Behavioral economics couples scientific research on the psychology of decision making with economic theory to better understand what motivates financial decisions. In A Beginner’s Guide to Irrational Behavior, you will learn about some of the many ways in which we behave in less than rational ways, and how we might overcome our shortcomings. You’ll also learn about cases where our irrationalities work in our favor, and how we can harness these human tendencies to make better decisions.
|Next session||To be announced|
|Estimated workload||7-11 hours/week|
Health & Society
Economics & Finance
Business & Management
|Past||March 11, 2014||8 weeks|
|Past||March 25, 2013||8 weeks|
Note that archives might still be available for past sessions.
This course will draw heavily on my own research, and pulls largely from my three books: Predictably Irrational (2008), The Upside of Irrationality (2010), and The Honest Truth About Dishonesty (2012). We will examine topics such as our “irrational” patterns of thinking about money and investments, how expectations shape perception, economic and psychological analyses of dishonesty by honest people, how social and financial incentives work together (or against each other) in labor, how self-control comes into play with decision making, and how emotion (rather than cognition) can have a large impact on economic decisions. This highly interdisciplinary course will be ...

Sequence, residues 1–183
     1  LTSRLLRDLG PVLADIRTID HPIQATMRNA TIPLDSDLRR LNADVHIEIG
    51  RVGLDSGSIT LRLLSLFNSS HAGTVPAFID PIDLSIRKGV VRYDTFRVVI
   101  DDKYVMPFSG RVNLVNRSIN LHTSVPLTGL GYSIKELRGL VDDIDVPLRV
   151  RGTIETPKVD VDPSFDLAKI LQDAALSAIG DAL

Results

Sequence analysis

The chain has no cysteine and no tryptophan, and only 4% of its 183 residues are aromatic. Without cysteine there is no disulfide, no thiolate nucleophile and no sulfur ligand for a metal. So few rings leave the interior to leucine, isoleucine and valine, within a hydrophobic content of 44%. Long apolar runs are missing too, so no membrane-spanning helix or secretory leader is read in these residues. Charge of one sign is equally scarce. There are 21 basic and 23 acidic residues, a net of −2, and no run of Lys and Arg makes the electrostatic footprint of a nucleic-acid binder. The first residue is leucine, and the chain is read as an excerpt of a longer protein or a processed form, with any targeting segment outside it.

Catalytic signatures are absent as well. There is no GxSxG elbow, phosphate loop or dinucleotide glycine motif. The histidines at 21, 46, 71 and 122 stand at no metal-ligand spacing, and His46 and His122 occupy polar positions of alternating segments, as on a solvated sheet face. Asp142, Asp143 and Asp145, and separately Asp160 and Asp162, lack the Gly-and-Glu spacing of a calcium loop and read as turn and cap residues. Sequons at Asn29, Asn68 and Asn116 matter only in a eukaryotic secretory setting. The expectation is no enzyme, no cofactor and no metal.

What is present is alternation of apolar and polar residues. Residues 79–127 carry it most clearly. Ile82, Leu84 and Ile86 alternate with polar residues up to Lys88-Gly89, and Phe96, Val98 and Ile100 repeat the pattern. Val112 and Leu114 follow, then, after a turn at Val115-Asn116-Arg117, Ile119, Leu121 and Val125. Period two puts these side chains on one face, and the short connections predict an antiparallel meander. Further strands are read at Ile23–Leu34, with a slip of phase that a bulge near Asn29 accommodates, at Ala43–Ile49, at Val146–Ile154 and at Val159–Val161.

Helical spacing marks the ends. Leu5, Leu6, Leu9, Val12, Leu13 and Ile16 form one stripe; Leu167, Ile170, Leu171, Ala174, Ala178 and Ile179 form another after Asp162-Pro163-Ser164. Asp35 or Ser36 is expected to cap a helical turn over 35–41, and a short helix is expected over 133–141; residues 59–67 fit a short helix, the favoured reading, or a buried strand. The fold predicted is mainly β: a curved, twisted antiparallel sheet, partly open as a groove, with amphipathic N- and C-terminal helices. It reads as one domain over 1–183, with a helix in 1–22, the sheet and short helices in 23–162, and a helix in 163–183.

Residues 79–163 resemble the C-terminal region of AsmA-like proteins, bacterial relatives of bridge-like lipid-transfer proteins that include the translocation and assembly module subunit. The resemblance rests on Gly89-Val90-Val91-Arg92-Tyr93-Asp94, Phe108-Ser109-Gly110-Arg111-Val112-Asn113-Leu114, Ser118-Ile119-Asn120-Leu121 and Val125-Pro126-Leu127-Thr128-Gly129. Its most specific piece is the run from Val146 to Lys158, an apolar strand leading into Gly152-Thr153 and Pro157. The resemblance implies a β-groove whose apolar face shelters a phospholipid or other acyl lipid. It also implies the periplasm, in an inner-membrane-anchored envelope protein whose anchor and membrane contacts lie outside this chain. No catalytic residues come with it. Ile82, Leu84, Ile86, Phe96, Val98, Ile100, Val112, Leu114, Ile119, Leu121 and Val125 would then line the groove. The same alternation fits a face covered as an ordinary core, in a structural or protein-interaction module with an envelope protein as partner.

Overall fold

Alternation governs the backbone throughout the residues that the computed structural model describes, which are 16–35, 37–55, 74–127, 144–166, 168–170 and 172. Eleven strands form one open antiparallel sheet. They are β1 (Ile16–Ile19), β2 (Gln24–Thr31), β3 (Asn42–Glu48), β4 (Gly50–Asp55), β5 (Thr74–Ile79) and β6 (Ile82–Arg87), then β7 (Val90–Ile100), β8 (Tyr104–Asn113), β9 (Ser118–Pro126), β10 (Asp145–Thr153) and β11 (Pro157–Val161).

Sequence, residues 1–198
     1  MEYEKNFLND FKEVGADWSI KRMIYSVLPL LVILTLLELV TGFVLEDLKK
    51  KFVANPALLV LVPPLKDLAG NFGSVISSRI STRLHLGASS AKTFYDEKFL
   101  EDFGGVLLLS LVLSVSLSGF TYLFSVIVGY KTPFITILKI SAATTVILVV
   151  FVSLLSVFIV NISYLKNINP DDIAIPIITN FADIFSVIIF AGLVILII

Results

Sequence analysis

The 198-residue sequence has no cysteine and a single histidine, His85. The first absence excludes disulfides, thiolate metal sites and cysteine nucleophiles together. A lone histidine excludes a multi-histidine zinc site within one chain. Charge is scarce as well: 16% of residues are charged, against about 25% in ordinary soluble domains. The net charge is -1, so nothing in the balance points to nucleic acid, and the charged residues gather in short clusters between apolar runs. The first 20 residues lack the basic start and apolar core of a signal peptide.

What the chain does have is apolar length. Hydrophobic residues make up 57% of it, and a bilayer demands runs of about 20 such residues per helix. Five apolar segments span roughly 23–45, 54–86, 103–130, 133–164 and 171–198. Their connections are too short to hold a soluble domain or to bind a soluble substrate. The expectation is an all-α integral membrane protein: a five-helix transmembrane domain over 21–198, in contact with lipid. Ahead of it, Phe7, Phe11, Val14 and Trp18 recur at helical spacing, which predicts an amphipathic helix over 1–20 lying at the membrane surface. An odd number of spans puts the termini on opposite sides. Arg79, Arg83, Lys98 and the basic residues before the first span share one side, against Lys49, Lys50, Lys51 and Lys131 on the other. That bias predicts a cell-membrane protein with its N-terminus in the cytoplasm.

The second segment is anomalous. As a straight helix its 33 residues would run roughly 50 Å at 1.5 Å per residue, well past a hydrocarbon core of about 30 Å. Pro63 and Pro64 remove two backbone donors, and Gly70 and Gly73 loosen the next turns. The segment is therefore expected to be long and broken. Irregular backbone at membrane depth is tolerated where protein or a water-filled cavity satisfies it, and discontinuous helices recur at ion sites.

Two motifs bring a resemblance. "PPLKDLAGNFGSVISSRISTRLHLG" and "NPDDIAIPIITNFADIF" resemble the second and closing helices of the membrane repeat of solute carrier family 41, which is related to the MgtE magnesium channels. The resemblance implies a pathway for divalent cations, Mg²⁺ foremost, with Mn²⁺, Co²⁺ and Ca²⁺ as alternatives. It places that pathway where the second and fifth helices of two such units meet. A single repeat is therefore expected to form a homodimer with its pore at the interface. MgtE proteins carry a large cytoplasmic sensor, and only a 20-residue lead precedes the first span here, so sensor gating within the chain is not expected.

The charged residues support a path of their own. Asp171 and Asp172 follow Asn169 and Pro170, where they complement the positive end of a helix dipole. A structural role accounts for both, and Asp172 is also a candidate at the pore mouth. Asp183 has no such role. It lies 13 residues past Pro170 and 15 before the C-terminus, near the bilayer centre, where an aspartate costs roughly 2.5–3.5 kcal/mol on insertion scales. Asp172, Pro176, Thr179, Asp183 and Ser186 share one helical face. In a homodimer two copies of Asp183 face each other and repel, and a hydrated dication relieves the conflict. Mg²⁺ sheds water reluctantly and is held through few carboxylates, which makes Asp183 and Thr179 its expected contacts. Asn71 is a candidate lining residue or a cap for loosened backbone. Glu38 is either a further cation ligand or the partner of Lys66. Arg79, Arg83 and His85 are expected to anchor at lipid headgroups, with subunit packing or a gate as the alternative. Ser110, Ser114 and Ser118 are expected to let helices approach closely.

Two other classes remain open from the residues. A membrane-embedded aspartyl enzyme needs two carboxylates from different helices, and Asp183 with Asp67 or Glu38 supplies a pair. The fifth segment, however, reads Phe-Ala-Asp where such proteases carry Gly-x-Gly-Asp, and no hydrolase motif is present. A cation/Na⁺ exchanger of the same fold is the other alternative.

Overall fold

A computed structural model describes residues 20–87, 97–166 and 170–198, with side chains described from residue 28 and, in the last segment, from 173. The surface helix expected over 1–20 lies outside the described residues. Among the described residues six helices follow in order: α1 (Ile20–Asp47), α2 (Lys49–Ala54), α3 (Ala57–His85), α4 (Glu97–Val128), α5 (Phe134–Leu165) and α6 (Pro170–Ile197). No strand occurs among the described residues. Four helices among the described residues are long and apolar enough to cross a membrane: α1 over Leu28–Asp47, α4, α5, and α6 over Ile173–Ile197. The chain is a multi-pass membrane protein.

Curiosity about human nature.
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